How To Steal a Million Review
From the moment Audrey Hepburn turns up, driving perhaps the silliest bright red Noddy car of a vehicle ever seen in a film, magnificently clad in white Givenchy and sporting the kind of feline sunglasses she immortalised in ‘Breakfast at Tiffanys’, it’s clear that ‘How To Steal A Million’ is going to be a case of style over substance (the impression is cemented a few minutes later when Peter O’Toole, immaculately clad in a dinner jacket, hops into his own car, a gorgeous lemon E-type). However, whereas the previous entry in the Fox Classics series, ‘Three Coins in the Fountain’ was all froth and no sparkle, ‘How To Steal A Million’, the 25th entry in that collection, has got some wit tucked up its well-manicured sleeve. Most importantly, it’s cognisant of its own silliness and willing to play up to it.
Young Parisian lovely Nicole Bonnet (Hepburn) is having a devil of a time persuading her recidivist father Charles (Griffith) to cease his favourite past-time: the forging of works by the masters. When he lends his fake of a Cellini statue to a museum which is under the impression it’s the original, Nicole grows uneasy. Her concern grows to panic which she discovers that the museum is planning to subject the statue to tests that will reveal it’s a fake, and her father a fraudster! Desperate, she enlists the aid of self-proclaimed art thief Simon Dermott (O’Toole) to get the statue back, not realising he’s actually a private investigator specialising in stolen art! As Nicole and Simon undertake to steal the statue from the heavily-guarded museum, they make an unexpected discovery; their feelings for each other are anything but counterfeit!
As far as light-hearted 60s comedies go, ‘How To Steal a Million’ is eminently well qualified. Its two reed thin, immaculately-clad leads are pitch perfect and the magnificently bug-eyed Hugh Griffith (probably best known to audiences as The Magistrate in ‘Oliver Twist’ or the Sheikh from Wyler's own 'Ben Hur') is always entertaining, There’s a breezy theme from Johnny Williams, superb production Design by Alexander Trauner and even a brief, curious cameo from Charles Boyer. What more, indeed, could one want?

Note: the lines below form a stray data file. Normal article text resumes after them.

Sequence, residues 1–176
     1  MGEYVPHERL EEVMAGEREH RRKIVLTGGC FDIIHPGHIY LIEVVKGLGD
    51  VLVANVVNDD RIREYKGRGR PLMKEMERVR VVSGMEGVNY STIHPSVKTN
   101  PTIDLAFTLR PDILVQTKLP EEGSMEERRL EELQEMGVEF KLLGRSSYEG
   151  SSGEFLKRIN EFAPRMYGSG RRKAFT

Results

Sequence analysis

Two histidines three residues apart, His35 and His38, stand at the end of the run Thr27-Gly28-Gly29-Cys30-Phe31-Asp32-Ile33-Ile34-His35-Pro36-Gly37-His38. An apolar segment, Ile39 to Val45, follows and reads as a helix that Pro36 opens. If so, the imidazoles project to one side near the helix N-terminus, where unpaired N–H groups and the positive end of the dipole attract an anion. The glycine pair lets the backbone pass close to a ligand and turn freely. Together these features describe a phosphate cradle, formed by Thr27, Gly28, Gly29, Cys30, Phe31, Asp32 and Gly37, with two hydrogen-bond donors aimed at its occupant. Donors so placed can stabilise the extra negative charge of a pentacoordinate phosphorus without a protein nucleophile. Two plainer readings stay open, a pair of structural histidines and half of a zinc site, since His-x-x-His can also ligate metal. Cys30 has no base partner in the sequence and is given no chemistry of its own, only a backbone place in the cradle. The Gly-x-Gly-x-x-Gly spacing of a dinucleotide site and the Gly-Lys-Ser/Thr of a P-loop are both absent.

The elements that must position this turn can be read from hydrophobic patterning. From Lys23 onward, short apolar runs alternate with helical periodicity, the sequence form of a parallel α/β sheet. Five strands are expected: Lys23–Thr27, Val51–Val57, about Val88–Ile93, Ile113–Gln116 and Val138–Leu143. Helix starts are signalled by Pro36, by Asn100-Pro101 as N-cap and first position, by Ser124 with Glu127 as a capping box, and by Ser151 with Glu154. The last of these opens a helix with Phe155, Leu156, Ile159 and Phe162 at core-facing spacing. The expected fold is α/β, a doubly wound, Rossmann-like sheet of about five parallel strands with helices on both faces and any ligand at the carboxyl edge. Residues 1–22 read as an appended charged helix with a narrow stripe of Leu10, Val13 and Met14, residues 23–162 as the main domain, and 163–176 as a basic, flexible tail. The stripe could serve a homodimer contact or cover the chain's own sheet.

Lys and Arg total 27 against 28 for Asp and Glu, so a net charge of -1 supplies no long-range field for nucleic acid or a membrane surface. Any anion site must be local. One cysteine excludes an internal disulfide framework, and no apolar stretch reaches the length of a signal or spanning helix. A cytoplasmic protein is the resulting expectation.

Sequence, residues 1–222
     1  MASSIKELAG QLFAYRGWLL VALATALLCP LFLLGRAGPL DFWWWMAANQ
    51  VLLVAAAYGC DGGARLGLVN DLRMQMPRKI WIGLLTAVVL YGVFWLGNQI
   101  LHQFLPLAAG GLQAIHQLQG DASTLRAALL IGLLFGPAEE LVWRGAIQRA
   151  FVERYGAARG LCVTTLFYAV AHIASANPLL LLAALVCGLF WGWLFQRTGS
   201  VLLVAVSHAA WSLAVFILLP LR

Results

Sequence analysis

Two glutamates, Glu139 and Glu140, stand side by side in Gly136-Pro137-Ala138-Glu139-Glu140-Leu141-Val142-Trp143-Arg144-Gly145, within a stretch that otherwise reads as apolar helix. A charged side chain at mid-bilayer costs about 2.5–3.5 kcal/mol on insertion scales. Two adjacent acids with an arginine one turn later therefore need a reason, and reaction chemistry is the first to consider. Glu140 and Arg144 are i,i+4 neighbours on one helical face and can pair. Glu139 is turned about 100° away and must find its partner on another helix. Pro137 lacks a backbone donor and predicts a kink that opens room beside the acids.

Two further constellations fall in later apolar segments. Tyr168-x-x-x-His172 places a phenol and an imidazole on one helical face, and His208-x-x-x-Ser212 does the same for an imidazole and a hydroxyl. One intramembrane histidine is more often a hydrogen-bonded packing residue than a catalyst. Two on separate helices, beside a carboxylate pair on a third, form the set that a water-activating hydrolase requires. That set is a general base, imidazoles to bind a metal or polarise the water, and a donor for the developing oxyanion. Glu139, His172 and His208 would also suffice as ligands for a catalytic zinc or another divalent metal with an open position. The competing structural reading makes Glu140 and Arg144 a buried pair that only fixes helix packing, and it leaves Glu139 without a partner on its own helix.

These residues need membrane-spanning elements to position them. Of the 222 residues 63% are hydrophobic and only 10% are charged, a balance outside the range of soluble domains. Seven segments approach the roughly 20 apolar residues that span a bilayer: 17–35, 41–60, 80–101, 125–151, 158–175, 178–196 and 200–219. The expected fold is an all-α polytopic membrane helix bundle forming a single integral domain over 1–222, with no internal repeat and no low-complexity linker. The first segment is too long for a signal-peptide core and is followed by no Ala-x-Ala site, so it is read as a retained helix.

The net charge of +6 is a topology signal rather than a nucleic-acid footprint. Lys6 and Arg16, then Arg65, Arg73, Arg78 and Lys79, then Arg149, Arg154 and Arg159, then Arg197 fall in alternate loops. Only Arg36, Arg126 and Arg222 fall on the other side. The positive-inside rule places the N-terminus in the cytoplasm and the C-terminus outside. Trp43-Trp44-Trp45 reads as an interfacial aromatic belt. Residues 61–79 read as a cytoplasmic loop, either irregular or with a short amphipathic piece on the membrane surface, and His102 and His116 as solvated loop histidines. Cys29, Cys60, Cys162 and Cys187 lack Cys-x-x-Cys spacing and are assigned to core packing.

Best of all there's Hepburn, who never disappointed. Part of Hepburn’s charm was that, while she was one of the most effortlessly graceful actresses to ever grace the screen, she always gave the impression of being most comfortable in a pair of dungarees. The combination of high chic and tomboyish enthusiasm was not only at the core of her appeal, it was - not coincidently - the very essence of the 60s, and it's in abundance here.
This is one of the best transfers I've seen of a 60s film, excelling even the very high standards Fox has set itself. Quite superb. Some may find it a trifle red but I suspect the sometimes lurid sets are partly to blame. These colours are so rich you could chew them, were it not for their doubtless stratospheric calorific values.
A fine Stereo mix that presents the film's soundtrack faithfully if not spectacularly. Dialogue is crisp without being brittle the bouncy score sounds slightly tinny at times but otherwise fine. A mono mix is also available and could prove preferable to some viewers, though the differences didn't sound huge to these ears.
Catherine Wyler, the director’s daughter, gives a thorough film commentary describing her father’s approach to the film, his experiences when making it and some stories he shared with her. While Wyler gives a broad historical perspective, Eli Wallach provides some personal anecdotes and reflection, talking comparatively rarely.
‘Audrey Hepburn: The Fairest Lady’ is a 45-minute documentary, part of the A&E Network’s Biography series. It follows the Belgian-born beauty through her early years in war-torn Holland, her time as a chorus girl in London, to being spotted by Collette as the perfect ‘Gigi’, her debut on Broadway in the play’s starring role and subsequent entry into Hollywood and legend in Wyler’s ‘Roman Holiday’. It’s handsomely done and as thorough as the time allows, if a bit fluffy in parts, and features soundbites from Hepburn’s son Sean Ferrer, actors Harry Belafonte and Richard Dreyfuss and director Blake Edwards.
There’s also a Teaser Trailer, the Theatrical Trailer and two (oddly black and white) TV Spots.
At over two hours, ‘How to Steal a Million’ is definitely too long, its slight plot would have been more comfortable hanging onto a 90 minute frame. The script, to be frank, doesn't quite sparkle as much as Audrey’s similar outings in ‘Charade’ or ‘Breakfast at Tiffany’s’ but there is fun here aplenty and the video is simply stunning. Points again to Fox for providing a choice of mono or stereo soundtracks and for treating their back catalogue with the respect it deserves.
Last updated: 19/04/2018 10:24:21